Things I Wish I Knew about Dyslexia
| |

Things I wish I knew about dyslexia

Spread the love

I haven’t always known that R is dyslexic. There was a time when I was unsure. During this season I genuinely thought it was either her laziness or I was not good enough. That had to be the reason for her struggles. When we received the dyslexia diagnosis it was like a weight lifted off my shoulders. I can teach if I know what is making learning difficult. I wanted to take a minute and share some of the things I wish I knew about dyslexia. I hope that by sharing some of this I can help you avoid the stress that comes with uncertainty.

Things I Wish I Knew about Dyslexia - #dyslexia #homeschool #learning #learningdisability #homeschooltips #education

Secrets about Dyslexia

These are not all official facts. These are just points from my experience. Your experience may be different.

Some doctors won’t believe your child is dyslexic until after a certain age.

With R, I knew something was off in the way she learned. She always flipped letters, numbers, and really struggled with sounding things out. Rote memory was incredibly difficult for her as well. These are just a few of the things children with dyslexia struggle with. However, my doctor kept telling me everything was normal. She said it was typical for a child to switch letters and numbers up to a certain age. While that is the case to an extent, there are some children who won’t get over it because of dyslexia.

If you believe your child is dyslexic ask for a second opinion instead of believing the doctor. If I had trusted my gut sooner, R and I could have had an easier time with schooling.

*Seek out an evaluation from someone who is trained to diagnose dyslexia instead of getting the information from your pediatrician.

Testing is pricey!

Most insurances don’t cover the official testing for dyslexia. Mine didn’t. The person who would have done the diagnosis for R said it would cost me $400 just to have the testing. She spoke with me on the phone and after walking through all of R’s struggles told me I would be wasting my money because it is dyslexia. If you want to get your child tested officially, be ready for a hefty price tag. Some insurances do cover a portion. Call your insurance to find out exactly what will be covered.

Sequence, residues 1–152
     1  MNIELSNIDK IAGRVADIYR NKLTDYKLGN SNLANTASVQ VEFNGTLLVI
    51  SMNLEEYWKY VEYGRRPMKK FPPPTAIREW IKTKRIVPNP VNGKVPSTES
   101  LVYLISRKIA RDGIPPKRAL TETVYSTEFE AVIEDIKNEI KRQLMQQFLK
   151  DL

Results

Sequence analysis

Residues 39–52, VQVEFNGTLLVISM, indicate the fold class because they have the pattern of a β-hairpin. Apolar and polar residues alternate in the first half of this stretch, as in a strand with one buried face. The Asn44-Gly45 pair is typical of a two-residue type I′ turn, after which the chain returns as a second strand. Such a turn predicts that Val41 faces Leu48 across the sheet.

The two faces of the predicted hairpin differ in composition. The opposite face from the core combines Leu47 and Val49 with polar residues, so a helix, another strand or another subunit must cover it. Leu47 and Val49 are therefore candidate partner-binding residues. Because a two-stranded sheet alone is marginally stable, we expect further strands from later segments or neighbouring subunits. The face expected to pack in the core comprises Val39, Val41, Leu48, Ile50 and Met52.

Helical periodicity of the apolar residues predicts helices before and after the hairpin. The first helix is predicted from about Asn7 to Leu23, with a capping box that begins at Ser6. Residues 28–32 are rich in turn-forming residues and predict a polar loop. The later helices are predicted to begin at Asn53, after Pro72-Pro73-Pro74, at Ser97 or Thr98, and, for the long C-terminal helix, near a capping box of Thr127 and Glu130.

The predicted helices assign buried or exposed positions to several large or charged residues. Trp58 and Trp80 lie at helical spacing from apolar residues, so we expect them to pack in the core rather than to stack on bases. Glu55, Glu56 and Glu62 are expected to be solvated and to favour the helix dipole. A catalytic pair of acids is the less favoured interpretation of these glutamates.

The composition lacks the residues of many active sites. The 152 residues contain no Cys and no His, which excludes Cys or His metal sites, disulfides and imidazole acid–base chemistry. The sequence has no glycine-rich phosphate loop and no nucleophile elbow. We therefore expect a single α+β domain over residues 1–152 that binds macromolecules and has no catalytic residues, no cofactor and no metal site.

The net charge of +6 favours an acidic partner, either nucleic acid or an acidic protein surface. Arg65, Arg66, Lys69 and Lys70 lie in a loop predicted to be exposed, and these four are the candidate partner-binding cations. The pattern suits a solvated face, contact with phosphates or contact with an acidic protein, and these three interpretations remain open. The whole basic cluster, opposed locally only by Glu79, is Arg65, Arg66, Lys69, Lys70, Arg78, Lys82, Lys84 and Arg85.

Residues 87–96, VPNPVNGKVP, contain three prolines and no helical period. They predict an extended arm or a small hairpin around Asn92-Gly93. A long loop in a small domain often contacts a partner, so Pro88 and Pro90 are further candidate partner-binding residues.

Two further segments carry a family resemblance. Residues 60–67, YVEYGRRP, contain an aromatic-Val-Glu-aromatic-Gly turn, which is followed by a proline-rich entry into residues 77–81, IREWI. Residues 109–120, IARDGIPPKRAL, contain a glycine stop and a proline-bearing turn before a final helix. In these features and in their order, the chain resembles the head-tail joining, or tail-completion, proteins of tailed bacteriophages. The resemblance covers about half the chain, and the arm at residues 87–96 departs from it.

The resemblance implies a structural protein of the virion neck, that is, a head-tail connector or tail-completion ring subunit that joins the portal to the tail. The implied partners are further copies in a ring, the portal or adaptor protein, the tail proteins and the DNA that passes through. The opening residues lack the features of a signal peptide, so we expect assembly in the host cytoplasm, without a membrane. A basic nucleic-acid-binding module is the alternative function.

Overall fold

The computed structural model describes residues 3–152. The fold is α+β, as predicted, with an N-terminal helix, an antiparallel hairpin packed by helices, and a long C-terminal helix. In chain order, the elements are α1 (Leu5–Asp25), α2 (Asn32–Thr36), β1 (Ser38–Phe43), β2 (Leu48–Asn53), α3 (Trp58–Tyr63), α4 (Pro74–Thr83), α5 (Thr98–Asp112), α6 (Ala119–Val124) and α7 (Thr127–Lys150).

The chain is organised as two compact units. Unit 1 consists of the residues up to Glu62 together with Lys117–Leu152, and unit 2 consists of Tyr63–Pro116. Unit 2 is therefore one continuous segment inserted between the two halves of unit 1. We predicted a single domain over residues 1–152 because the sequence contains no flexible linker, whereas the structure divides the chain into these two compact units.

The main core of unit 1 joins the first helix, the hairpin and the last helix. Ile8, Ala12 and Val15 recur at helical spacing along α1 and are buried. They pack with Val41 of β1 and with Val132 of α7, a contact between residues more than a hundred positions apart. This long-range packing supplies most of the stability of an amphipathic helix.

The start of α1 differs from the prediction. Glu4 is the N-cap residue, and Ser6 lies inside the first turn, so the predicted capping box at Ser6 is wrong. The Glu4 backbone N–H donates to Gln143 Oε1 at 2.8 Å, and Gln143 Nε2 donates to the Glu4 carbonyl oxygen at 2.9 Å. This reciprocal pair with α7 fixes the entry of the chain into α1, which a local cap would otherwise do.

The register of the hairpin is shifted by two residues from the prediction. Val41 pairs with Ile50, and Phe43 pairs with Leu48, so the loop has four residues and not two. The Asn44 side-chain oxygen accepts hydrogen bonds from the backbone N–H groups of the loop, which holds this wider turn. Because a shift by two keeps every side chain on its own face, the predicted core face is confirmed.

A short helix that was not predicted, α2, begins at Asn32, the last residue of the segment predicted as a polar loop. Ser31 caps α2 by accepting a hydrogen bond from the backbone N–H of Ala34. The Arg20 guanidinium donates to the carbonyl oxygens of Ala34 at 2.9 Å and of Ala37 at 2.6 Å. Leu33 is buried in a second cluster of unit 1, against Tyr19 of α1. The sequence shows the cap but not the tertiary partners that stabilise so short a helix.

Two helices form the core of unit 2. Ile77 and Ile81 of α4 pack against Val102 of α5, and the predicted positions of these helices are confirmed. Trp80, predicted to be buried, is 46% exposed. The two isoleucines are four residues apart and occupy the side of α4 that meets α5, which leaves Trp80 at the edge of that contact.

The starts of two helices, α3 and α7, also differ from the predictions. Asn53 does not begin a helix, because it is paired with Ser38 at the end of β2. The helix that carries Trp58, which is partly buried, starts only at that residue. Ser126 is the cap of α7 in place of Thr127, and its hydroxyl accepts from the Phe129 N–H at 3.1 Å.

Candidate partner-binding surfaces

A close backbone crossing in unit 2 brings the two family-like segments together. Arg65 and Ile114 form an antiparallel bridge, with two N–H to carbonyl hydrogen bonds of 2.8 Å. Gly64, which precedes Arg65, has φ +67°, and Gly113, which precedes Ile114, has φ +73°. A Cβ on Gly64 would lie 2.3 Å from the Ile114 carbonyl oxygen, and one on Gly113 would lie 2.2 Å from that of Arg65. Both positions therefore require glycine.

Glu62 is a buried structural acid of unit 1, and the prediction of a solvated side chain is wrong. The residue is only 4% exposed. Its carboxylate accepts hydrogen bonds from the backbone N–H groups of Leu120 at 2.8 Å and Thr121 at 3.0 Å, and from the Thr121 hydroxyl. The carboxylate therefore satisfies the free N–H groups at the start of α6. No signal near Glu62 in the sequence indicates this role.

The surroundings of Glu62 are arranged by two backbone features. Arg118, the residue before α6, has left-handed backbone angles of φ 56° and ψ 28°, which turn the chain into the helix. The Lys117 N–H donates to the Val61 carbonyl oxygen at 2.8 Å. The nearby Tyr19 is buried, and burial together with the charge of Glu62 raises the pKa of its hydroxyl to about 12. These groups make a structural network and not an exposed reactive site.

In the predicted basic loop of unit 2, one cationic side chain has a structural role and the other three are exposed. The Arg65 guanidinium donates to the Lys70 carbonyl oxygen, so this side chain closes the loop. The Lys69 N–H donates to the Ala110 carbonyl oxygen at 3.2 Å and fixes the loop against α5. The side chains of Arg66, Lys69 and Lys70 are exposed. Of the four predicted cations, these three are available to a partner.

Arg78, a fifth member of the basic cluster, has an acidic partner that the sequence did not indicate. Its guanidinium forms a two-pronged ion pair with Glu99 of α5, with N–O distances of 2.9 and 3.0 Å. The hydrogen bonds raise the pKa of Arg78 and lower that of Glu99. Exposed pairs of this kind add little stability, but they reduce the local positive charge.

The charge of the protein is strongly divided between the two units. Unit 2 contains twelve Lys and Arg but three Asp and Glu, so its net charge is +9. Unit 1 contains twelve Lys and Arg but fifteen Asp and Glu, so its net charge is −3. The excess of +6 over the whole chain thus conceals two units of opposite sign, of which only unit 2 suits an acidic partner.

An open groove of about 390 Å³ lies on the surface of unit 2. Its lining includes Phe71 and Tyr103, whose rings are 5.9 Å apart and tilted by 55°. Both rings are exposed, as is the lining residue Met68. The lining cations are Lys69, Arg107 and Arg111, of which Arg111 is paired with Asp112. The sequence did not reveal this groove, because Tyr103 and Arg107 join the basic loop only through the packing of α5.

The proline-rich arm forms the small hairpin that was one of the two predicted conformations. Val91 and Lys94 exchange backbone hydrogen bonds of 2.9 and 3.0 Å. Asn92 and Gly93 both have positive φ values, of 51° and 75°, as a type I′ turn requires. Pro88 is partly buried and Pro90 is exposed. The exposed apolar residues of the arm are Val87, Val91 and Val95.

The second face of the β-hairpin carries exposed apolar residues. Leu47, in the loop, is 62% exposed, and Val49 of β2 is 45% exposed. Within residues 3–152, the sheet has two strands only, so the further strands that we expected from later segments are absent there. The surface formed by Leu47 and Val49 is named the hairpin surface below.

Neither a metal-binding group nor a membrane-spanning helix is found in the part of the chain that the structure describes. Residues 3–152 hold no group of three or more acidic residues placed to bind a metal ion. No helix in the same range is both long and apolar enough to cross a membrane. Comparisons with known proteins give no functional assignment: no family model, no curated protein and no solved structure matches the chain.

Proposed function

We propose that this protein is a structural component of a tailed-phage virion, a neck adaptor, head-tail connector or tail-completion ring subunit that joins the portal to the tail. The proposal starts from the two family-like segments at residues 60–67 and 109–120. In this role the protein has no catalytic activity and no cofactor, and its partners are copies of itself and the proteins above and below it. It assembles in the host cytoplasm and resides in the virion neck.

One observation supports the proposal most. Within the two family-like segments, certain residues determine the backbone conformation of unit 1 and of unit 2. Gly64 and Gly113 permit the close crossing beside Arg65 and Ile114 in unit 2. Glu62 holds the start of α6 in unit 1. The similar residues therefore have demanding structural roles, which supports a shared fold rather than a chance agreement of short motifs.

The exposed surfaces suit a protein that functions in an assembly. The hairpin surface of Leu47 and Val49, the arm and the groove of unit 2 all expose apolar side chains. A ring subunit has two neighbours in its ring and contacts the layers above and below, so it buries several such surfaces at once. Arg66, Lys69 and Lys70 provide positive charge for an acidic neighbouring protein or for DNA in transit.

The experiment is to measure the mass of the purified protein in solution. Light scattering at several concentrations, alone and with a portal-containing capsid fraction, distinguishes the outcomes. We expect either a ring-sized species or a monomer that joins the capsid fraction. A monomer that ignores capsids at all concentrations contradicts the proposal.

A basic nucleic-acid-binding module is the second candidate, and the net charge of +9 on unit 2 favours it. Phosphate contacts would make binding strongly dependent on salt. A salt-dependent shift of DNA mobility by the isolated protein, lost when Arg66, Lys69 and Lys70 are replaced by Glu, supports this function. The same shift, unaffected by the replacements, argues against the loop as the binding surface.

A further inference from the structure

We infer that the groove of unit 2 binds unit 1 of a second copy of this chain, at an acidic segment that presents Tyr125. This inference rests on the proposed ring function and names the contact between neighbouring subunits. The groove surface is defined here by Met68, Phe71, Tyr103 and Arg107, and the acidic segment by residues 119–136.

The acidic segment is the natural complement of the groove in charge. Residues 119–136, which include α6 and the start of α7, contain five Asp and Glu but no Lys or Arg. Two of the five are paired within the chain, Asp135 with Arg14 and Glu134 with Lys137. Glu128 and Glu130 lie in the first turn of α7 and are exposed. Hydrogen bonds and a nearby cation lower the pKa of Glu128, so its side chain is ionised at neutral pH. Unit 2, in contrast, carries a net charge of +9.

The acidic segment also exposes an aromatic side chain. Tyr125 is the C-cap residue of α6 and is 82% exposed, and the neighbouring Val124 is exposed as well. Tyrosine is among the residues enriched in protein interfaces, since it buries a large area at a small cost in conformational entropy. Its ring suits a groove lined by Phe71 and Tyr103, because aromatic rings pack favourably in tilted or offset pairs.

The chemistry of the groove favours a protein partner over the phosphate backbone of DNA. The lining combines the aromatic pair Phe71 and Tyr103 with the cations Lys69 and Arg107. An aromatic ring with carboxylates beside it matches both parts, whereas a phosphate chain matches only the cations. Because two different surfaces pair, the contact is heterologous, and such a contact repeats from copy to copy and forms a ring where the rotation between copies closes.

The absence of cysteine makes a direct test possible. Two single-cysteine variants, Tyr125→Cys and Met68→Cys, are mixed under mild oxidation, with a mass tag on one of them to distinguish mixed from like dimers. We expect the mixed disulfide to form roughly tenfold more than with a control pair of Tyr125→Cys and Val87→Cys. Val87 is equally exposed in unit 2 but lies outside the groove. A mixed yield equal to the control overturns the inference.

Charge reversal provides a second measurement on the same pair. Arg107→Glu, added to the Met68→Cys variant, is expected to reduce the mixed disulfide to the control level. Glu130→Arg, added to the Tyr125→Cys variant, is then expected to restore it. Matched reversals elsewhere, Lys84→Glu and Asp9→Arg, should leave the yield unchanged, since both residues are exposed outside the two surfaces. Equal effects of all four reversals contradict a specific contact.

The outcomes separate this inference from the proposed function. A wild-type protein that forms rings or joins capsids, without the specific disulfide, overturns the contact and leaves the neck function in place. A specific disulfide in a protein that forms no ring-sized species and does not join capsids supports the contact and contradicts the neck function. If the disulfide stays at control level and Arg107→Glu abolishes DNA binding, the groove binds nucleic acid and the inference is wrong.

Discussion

There are therapies that can be of help to a child with dyslexia.

R has always been very well-spoken. However, she did a speech therapy evaluation. At this evaluation we found out that there were some therapies the speech therapist could offer her. These were covered by insurance and we were able to work on some of the things that helped her to become a strong reader. If you believe your child is dyslexic look into some of these other therapies that may help you work with them.

There are different types/levels of dyslexia.

R is very unique. She not only writes her letters and numbers backwards, she will often flip them in her head. This means that when talking to you she will occasionally say 21 when she means 12. Your child may be a very strong reader but struggle with spelling due to a phonetic form of dyslexia. It’s important to find out exactly how your child’s dyslexia performs so that you can treat them effectively. If R gets a problem wrong in Math I know there is a good chance she either copied the number down wrong or flipped them when typing them in to Teaching Textbooks. Knowing this helps me to have a lot of patience with her when she struggles with something I know she knows.

There is no cure.

If your child is legitimately dyslexic there is no cure. There are ways to teach your child to function and thrive but there is no cure. Their brain simply processes information in a different way. There is nothing wrong with this. Your child can still function quite well and have a promising future. You will just have to work with them to build their strengths and overcome certain weaknesses.

They are more artistic.

I had no idea that children with dyslexia are more prone to enjoy artistic activities. I knew R was a crafter but I didn’t realize how it would work for her. She is incredibly good at acting. She can memorize music for a show effortlessly. This is completely opposite of her ability to memorize other things. However, because of her love of art, she thrives in this area. If you have a child with dyslexia, try out some of the different arts. You might find that this is an area where your child thrives. I know it has been a game changer for R.

I can do this.

My first thought when the dyslexia became official was that I couldn’t do this. I started to think of ways to get her into a school that worked with dyslexia or into special classes. Then I realized a very valuable truth, I can teach my child. I don’t need to use a special school. I simply need to learn to teach the child I have. If your child is dyslexic, you can do this. Don’t give up because it seems overwhelming. You are completely capable of homeschooling your child with dyslexia.

Do you have a child with dyslexia? What do you wish you knew at the beginning?

Spread the love

Similar Posts

Leave a Reply

Your email address will not be published.